World AIDS Day 2019

How far has Science come?

World AIDS Day 2019

WICHITA FALLS, Texas (TNN) - According to the World Health Organization, the human immunodeficiency virus targets the immune system and weakens people’s defense systems against infections and some types of cancer. After the pandemic of HIV/AIDS in the 1980s where a diagnosis felt like a death sentence, science has come a long way.

“In the most recent news from the CDC, a viral load under 200 is considered untransmittable. So if a person’s viral load is under 200 they cannot transmit the virus to somebody else” said Jason Wheat with communicable disease prevention at Wichita Falls-Wichita County Public Health District.

“Ask for the test, get tested, whatever the results are get into care, and stay in care. It’s just like any other chronic infection,” he said.

Meet Karl Schmid, a reporter for KABC’s “On the Red Carpet” in Los Angeles. He disclosed his status as HIV positive 18 months ago. Schmid has been in magazines, national and international television telling his story.

“My friends and family knew, but I was told in my professional life ‘Don’t talk about it, you don’t want to be known as ‘The guy with AIDS’ on television.’ We now know that’s just a ridiculous statement, and somehow or another I’m quite proud to be known as the guy living with HIV on television,” Schmid said.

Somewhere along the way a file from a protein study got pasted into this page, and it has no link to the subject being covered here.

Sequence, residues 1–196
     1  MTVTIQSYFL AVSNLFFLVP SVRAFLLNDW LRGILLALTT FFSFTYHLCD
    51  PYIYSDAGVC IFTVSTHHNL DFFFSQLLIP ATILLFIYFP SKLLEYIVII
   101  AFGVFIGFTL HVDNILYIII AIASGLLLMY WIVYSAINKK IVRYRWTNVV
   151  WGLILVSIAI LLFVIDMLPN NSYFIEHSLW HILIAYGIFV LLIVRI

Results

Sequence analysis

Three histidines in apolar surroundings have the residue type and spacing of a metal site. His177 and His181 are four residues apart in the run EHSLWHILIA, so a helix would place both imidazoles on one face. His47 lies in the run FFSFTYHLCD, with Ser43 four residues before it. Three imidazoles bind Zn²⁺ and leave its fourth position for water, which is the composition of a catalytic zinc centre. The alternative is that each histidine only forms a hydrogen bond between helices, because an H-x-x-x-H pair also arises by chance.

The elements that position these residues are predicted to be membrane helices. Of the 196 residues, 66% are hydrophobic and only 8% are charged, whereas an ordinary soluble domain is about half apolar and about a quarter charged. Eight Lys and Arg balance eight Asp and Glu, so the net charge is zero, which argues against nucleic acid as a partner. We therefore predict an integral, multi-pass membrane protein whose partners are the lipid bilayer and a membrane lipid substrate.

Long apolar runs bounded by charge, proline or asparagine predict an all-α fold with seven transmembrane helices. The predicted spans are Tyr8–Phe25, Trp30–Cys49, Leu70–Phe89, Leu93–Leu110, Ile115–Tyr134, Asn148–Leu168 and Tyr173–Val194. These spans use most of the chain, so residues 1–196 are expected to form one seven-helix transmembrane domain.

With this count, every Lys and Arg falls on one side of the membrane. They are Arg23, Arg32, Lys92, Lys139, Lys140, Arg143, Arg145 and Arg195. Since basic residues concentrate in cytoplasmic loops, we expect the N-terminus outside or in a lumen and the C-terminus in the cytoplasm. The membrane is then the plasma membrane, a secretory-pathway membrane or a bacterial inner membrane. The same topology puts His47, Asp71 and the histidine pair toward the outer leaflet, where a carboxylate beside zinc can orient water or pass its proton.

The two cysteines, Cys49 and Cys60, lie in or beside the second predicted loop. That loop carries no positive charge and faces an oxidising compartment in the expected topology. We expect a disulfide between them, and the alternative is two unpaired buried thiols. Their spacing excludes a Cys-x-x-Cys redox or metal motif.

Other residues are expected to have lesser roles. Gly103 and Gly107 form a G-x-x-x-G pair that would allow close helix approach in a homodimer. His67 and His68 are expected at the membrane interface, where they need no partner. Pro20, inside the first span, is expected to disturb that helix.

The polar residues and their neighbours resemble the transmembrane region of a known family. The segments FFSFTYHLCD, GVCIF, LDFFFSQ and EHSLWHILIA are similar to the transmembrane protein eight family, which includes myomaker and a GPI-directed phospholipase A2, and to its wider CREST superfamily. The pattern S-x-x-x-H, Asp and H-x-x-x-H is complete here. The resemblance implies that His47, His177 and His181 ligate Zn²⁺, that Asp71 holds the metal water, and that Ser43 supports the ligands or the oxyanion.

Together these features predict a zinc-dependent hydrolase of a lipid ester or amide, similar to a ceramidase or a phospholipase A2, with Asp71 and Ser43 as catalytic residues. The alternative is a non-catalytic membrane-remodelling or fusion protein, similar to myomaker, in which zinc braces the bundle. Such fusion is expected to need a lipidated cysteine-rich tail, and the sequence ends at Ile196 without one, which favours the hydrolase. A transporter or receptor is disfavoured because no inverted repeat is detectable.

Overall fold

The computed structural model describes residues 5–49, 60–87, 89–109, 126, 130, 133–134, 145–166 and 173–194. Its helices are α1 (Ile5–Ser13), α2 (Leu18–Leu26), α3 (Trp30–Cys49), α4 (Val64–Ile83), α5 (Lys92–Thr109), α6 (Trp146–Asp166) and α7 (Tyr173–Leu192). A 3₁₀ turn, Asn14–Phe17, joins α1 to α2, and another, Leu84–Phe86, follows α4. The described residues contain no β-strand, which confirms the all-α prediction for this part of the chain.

Since disclosing his status publicly Schmid has created PlusLife Media a resource for those living with HIV.

“We’ve created this platform where people can see, and hear, and interact with people that look, and sound just like them...we are just human beings living with HIV and hopefully educating the world on what it means to be living with HIV in 2019, 2020 and into the future,” said Schmid.

According to a new study from The Prevention Access Campaign and the pharmaceutical company Merck more than one-quarter of HIV-negative millennials surveyed report that they avoid hugging, talking, or being friends with someone who is HIV-positive.

“HIV as a virus is very fragile outside of the body it can only live three to four seconds. So, glasses, shaking hands, casual contact is not a risk. The risk comes when it’s in a needle, or an airtight area or in a pool of blood where a part is protected from the air," Wheat said.

Wheat also talked about PrEP “It’s a medication called Truvada its nickname is 'PrEP’ for pre-exposure prophylaxis, so if you’re on Truvada, or PrEP before exposure to HIV it’s a preventive of contracting HIV."

“Occasions like Dec. 1, or world aids day are important for the whole world to stop and remember who we lost, and to celebrate those we lost, but for us to celebrate just how far we’ve come," Schmid said. “The end is in our reach, we can wipe this thing out, right now, but we have to overcome stigma and we have to educate ourselves and have a discussion. We have to talk about HIV and have a discussion it’s really not that scary.”

Data on cases reported to the state can be found here, as well as more on World AIDS Day.

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